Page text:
By Richard Loth (Contact | Biography)
This ratio, which is expressed as a percentage, compares a company's operating cash flow to its net sales or revenues, which gives investors an idea of the company's ability to turn sales into cash.
It would be worrisome to see a company's sales grow without a parallel growth in operating cash flow. Positive and negative changes in a company's terms of sale and/or the collection experience of its accounts receivable will show up in this indicator.
As of December 31, 2005, with amounts expressed in millions, Zimmer Holdings had net cash provided by operating activities of $878.2 (cash flow statement), and net sales of $3,286.1 (income statement). By dividing, the equation gives us an operating cash flow/sales ratio of 26.7%, or approximately 27 cents of operating cash flow in every sales dollar.
The statement of cash flows has three distinct sections, each of which relates to an aspect of a company's cash flow activities - operations, investing and financing. In this ratio, we use the figure for operating cash flow, which is also variously described in financial reporting as simply "cash flow", "cash flow provided by operations", "cash flow from operating activities" and "net cash provided (used) by operating activities".
In the operating section of the cash flow statement, the net income figure is adjusted for non-cash charges and increases/decreases in the working capital items in a company's current assets and liabilities. This reconciliation results in an operating cash flow figure, the foremost source of a company's cash generation (which is internally generated by its operating activities).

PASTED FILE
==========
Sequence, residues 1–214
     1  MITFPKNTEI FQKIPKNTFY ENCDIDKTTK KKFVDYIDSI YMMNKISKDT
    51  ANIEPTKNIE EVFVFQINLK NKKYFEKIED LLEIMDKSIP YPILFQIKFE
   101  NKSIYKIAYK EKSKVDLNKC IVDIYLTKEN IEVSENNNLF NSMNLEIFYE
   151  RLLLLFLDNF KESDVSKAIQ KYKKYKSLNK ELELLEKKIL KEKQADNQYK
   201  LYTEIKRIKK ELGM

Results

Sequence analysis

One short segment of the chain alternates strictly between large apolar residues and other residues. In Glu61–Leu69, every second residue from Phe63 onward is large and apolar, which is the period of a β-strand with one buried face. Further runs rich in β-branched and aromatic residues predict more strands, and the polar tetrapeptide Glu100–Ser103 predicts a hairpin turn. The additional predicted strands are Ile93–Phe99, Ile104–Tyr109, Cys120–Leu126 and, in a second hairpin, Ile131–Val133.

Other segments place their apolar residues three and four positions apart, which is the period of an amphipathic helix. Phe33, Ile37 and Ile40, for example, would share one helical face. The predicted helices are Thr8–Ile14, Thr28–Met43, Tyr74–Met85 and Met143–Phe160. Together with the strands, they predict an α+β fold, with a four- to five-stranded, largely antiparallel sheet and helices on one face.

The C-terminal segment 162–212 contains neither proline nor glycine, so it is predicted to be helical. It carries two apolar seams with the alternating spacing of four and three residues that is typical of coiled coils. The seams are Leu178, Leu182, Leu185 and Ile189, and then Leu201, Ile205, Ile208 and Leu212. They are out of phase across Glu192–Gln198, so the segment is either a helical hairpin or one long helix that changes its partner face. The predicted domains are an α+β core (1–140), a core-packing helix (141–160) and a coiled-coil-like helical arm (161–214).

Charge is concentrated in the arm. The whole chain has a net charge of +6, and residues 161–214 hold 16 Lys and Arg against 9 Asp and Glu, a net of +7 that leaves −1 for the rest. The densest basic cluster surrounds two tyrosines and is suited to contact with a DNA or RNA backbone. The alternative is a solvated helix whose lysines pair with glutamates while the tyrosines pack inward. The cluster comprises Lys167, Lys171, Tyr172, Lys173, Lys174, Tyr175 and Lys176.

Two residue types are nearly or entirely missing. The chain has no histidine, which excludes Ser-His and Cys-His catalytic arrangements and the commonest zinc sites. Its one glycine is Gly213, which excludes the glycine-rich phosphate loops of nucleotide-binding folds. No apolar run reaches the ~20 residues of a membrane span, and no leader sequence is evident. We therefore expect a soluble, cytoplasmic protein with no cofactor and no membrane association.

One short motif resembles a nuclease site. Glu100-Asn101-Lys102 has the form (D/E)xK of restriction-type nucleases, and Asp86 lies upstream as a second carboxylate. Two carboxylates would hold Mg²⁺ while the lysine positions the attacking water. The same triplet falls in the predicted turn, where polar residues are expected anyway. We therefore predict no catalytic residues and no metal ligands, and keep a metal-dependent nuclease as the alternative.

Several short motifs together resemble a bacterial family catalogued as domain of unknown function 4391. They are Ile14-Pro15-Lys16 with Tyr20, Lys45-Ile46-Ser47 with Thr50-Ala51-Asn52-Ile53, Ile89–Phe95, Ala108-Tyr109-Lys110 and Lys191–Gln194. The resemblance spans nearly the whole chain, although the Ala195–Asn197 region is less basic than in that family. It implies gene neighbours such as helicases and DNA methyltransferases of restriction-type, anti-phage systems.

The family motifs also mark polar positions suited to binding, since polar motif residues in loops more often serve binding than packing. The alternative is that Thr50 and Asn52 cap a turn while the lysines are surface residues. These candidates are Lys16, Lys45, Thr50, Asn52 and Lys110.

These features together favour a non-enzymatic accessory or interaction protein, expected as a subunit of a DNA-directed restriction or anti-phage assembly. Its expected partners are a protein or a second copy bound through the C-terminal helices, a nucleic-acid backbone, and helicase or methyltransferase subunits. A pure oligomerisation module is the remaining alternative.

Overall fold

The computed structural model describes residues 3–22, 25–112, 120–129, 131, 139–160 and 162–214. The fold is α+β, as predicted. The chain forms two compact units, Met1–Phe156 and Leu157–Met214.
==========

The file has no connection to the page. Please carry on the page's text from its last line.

The greater the amount of operating cash flow, the better. There is no standard guideline for the operating cash flow/sales ratio, but obviously, the ability to generate consistent and/or improving percentage comparisons are positive investment qualities. In the case of Zimmer Holdings, the past three years reflect a healthy consistency in this ratio of 26.0%, 28.9% and 26.7% for FY 2003, 2004 and 2005, respectively.
InvestingCash flow analysis is a critical process for both companies and investors. Find out what you need to know about it.
InvestingCash flow from operating activities is a section of the Statement of Cash Flows that is included in a company’s financial statements after the balance sheet and income statements.
InvestingReview Amazon's cash flow situation, including its free cash flow yield, operating cash flow from organic growth and cash flow from debt financing.
InvestingA company's ability to consistently generate positive cash flows from its daily business operations is highly valued by investors. Operating cash flow can uncover a company's true profitability ...
InvestingA cash flow statement records the amounts of cash and cash equivalents entering and leaving a company.
InvestingCash in the bank is what every company strives to achieve. Find out how to determine how much a company is generating and keeping.
InvestingA company’s net cash is its total cash remaining after it subtracts all liabilities.
Managing WealthWhy is cash flow so important, and what steps can a business take to improve it?